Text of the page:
Alexander Henry Craufurd.

Recollections of James Martineau: with some letters from him and an essay on his religion online

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Online LibraryAlexander Henry CraufurdRecollections of James Martineau: with some letters from him and an essay on his religion → online text (page 9 of 12)
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struggling and baffled wanderers. We venture


to think that he now " bears our griefs and carries
our sorrows," more fully than he ever did in this
world. We believe that in heart he is now
" numbered with the transgressors " in a way
that he could not be on earth. We believe that
the inner significance of vicarious suffering has
been revealed to him at last. We believe that
the great Unitarian has gazed with opened eyes
on the fathomless heart of Jesus ; that the sacred
Christ of a measureless compassion has been
formed in him; that he would now gladly ex-
change the white robes of an intensely indivi-
dualistic and fastidious sanctity for the " garments
rolled in blood " of those great Pauline warriors
who love their converts better than they love
their own salvation. And so we expect from our
transfigured leader fuller sympathy than he ever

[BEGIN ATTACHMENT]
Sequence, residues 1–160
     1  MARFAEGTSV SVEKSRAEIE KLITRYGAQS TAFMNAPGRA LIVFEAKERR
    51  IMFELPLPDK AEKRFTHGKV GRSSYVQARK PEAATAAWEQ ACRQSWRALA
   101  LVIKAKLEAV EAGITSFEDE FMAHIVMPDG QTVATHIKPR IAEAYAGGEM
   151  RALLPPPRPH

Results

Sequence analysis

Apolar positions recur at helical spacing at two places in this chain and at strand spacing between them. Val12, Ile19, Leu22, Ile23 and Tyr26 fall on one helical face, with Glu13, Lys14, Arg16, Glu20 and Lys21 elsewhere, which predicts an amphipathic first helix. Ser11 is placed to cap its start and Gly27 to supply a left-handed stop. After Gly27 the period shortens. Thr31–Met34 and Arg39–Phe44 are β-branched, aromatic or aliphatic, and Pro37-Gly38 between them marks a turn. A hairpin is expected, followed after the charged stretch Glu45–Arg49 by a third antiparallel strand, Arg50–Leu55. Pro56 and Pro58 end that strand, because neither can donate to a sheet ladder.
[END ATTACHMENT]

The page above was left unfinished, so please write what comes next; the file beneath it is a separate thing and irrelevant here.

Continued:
gave us in the days of his fleshly finiteness, and
we cry to him with yearning confidence,

" O white soul from that far-offshore,
Float some sweet song the waters o'er,
Our hopes confirm, our fears dispel,
With the dear voice we loved so well."



In character as well as in intellect Dr. Martineau
was in most respects admirably fitted to be a
great religious teacher and guide. His sanctity,
his absolute sincerity, his gentleness, his charm-
ing courtesy and unsectarian friendliness, and his
intense refinement and elevation of soul were
manifest to all who really knew him. Probably
no man of genius was ever more profoundly
modest and free from all traces of self-assertion.
His deep holiness had conspired with his delicacy
and simplicity of nature to eradicate all germs of
arrogance. The best and rarest form of Catholic
self-suppression and disinterestedness was in him
subtly blended with complete mental fearlessness.
The heart of a Thomas a Kempis was joined with
the head of one of the boldest of intellectual
pioneers. In some ways he resembled the illus-


trious Spinoza. Vulgarity, in all its varied forms,
was almost as alien from his character as licentious-
ness. He always shuddered at self -advertising
charlatans. Though he never sounded the depths
of human passion, he was endowed with a large
share of human tenderness ; and this, combined
with a rare fineness of spirit and an almost Greek
sense of nobleness and beauty, made him shrink